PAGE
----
Masterminds: The Good, the Bad & the Ugly
Masterminds are often seen as a must-have for business owners, but should we believe the hype about what they can really do for us? In this episode and blog post, I’m doing a deep dive into the benefits of mastermind groups, along with some of the drawbacks.
As someone who’s run masterminds for over four years, and having been in my fair share of them, I have a lot of strong opinions. Personally, I’ve had a full range of experiences in masterminds, which made me want to figure out if they’re really worth the hype.
Obviously, I’m biased when it comes to the way I run masterminds as I know they work. I see firsthand the results members get in their business (and lives) through the work we do in the mastermind.
Also, I know that not all masterminds are created equal. Not every mastermind has a positive impact, in fact, I’ve heard some real horror stories.
I set out to survey people from across the Small Business Boss community to get their perspectives on the benefits of mastermind groups. I collected insights and input from 40+ people to ensure that I wasn’t bringing my own perspectives to the table.
This group included a wide range of individuals with:
- Anywhere from one to 15+ years experience as a business owner.
- Service businesses across multiple industries, from coaching to consulting to creatives to wellness to professional services.
- Titles including CEO, strategist, consultant and everything in between.
Based on that deep dive and their insights, here’s what I found.
Why We Join Paid Masterminds
First, I really wanted to understand why we join masterminds. Of course, I had theories on why we invest money in our businesses and in ourselves in this way, but I wanted to go deeper.
For this deep dive, looked at paid masterminds, as many of us are part of peer-led or informal masterminds. With this research, I wanted to ensure that the data collected was speaking specifically to the experiences where they’d invested money in a mastermind.
As background, the survey respondents have been a member of anywhere from one to four paid masterminds, with the most, 45% having been in two paid masterminds. The runner-up was three paid masterminds at 32.5%.
The key benefits of mastermind groups according to those paying for them are:
Access to a Coach or Mentor
Many times masterminds offer an affordable way for business owners to get coaching or mentoring. Also, masterminds are the only way many coaches or mentors work with people.
Accountability and Support
A major reason for joining a paid mastermind was accountability and support. Most respondents cited this as a key factor, especially those that are more than a couple years into running their business.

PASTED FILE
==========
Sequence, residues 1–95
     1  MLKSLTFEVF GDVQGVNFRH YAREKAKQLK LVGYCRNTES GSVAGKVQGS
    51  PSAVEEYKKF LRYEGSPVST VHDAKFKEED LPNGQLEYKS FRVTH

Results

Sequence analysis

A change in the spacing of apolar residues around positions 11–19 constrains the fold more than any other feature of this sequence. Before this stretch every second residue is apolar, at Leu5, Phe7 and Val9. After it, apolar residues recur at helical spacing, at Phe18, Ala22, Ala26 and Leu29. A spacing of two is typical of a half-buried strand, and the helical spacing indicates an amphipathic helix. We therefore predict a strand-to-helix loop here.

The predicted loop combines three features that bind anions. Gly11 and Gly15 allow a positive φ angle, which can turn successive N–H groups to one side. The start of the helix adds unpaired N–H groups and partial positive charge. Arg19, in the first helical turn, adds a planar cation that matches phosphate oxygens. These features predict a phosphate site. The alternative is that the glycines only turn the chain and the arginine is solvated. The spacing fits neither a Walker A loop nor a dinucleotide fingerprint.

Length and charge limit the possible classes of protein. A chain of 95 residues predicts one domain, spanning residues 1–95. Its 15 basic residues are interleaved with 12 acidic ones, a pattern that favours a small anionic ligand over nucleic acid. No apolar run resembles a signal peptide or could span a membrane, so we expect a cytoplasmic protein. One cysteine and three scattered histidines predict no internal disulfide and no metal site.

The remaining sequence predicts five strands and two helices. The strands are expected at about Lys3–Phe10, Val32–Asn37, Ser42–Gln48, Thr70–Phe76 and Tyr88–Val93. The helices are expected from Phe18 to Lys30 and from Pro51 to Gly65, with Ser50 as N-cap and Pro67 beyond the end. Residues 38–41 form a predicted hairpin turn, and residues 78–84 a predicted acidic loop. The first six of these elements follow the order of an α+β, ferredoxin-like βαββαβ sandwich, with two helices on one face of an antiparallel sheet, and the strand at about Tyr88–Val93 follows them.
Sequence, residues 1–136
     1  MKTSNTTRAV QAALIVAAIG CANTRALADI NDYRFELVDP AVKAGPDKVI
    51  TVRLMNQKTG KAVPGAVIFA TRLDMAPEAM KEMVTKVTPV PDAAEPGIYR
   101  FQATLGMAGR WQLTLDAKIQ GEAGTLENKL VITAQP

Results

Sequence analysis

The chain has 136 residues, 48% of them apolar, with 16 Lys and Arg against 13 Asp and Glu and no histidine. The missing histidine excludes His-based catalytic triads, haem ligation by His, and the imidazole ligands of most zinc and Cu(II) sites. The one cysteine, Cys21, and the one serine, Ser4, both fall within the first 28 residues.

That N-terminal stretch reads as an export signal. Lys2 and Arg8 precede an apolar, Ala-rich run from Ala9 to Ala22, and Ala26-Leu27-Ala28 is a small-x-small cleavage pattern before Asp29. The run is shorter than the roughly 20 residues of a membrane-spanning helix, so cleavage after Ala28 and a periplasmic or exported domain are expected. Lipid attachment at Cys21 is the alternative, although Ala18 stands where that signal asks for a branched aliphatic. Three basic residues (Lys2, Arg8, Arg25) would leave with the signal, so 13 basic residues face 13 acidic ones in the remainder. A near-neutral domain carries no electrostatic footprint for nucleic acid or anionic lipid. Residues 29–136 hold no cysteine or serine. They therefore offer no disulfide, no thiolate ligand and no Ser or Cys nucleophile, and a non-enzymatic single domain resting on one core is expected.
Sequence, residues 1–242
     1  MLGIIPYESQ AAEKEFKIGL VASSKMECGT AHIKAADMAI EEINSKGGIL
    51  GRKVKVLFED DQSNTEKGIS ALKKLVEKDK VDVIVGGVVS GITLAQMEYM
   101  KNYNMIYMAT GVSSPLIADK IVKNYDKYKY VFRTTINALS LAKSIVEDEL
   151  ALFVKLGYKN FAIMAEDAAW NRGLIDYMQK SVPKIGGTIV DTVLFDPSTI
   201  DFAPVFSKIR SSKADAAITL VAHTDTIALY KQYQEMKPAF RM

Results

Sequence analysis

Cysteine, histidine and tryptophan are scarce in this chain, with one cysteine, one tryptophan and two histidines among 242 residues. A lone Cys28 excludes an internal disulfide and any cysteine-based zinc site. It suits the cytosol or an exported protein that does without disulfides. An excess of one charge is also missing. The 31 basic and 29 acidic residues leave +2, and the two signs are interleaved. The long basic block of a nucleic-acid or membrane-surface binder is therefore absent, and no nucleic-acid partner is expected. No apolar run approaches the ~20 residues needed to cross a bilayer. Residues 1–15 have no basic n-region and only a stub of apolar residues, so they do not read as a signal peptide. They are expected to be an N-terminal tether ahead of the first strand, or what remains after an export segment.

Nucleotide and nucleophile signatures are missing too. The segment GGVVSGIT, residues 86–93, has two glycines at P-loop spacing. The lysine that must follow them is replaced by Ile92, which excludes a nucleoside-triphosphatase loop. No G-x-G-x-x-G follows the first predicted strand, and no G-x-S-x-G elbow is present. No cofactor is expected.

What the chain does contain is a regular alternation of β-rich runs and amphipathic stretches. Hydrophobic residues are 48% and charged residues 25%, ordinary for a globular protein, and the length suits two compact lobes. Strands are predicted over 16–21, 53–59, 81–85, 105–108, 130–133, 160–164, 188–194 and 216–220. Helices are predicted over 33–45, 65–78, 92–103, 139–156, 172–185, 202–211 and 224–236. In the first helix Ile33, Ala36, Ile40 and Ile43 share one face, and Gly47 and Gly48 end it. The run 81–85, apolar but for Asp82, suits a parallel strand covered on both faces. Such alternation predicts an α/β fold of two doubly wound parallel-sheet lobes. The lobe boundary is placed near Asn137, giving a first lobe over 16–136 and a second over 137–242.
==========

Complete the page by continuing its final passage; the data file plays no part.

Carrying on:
Belonging and Community
Owning a business can be incredibly isolating, so masterminds offer a way to get connected, be in community and grow our networks in the process.
About half of the respondents shared that they joined a mastermind to support them in growing their income.
Brand strategist Britney Gardner shared this about why she joined her first mastermind:
“I needed long-term support and a year of masterminding with like-minded businesses getting systems and processes in place for lead generation, webinars, and public speaking. It was the easiest way to spur myself on with people around me doing the same thing.”
Next up, let’s look at if these masterminds were giving people what they expected.
Are People Getting What They Want From Masterminds?
When you’re making an investment in your business, it’s important that you understand what you expect to get out of it. As you can see from the above, this group had very clear reasons for seeking the benefits of mastermind groups.
The question then is: did these masterminds deliver?
So I asked if they were satisfied with their most recent paid mastermind experience, and the answer was definitely more negative than positive. 62.5% said they weren’t satisfied, while only 42.5% indicated they were satisfied.
For those that said they were satisfied, here were just a few answers as to why:
“The right caliber people, connection and collaboration opportunities, and amazing friendships were formed. I also got the support I desired in my business that led to an increase in revenue, clarity, and action.”
– Gemma Regaldo, Brand Photographer, Gemma Shoots People
“The community leaders were incredibly responsive, very quick to be helpful, and the materials were all very well presented.”
– Latasha Doyle, Copywriter, Uncanny Content
“I liked that it was an intimate group and everyone was really helpful. I loved the masterminding too, it was helpful to hear other people’s questions and feedback.”
– Dr. Michelle Mazur, CEO, Communication Rebel
For those that were unsatisfied with their paid mastermind experience, it was for a wide range fo reasons. What was shared highlighted the challenges of this type of group program from lack of leadership and expertise, to not feeling seen and heard to the mastermind not living up to its promise.
How Much Are People Investing in Masterminds?
It’s not a secret that I believe the current culture of high-priced masterminds in the online business industry is some serious bullshit.